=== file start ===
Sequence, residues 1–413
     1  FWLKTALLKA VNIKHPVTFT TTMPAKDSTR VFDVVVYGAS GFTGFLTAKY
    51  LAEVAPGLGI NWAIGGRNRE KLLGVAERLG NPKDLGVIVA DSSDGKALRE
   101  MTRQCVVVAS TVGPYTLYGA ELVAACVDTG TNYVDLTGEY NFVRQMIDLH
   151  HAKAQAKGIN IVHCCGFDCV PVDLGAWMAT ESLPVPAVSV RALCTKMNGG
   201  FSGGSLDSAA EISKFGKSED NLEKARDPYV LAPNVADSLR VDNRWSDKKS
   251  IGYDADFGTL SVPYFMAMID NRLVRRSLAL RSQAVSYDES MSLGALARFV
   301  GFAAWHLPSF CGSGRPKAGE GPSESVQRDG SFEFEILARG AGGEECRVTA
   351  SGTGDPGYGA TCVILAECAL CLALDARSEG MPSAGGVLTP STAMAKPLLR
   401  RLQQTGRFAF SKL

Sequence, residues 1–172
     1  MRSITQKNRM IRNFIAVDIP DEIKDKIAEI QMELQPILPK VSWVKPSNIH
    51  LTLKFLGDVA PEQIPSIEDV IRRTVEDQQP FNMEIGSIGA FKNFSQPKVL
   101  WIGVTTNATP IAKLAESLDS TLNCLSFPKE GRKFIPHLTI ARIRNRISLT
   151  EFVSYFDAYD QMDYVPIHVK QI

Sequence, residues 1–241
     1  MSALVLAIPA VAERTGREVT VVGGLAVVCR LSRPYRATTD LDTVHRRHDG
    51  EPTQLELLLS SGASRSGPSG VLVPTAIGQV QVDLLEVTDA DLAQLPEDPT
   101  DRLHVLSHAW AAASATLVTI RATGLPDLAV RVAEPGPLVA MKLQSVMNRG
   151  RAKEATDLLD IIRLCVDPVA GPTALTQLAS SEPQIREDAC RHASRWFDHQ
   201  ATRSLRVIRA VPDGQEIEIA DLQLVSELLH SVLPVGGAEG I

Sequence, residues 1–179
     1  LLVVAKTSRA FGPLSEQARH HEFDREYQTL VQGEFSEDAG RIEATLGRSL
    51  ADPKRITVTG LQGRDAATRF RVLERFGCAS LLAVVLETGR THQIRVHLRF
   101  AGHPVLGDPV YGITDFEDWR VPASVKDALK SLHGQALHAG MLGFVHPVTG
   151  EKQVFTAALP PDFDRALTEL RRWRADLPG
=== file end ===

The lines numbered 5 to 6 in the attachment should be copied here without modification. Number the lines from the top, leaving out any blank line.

   151  HAKAQAKGIN IVHCCGFDCV PVDLGAWMAT ESLPVPAVSV RALCTKMNGG
   201  FSGGSLDSAA EISKFGKSED NLEKARDPYV LAPNVADSLR VDNRWSDKKS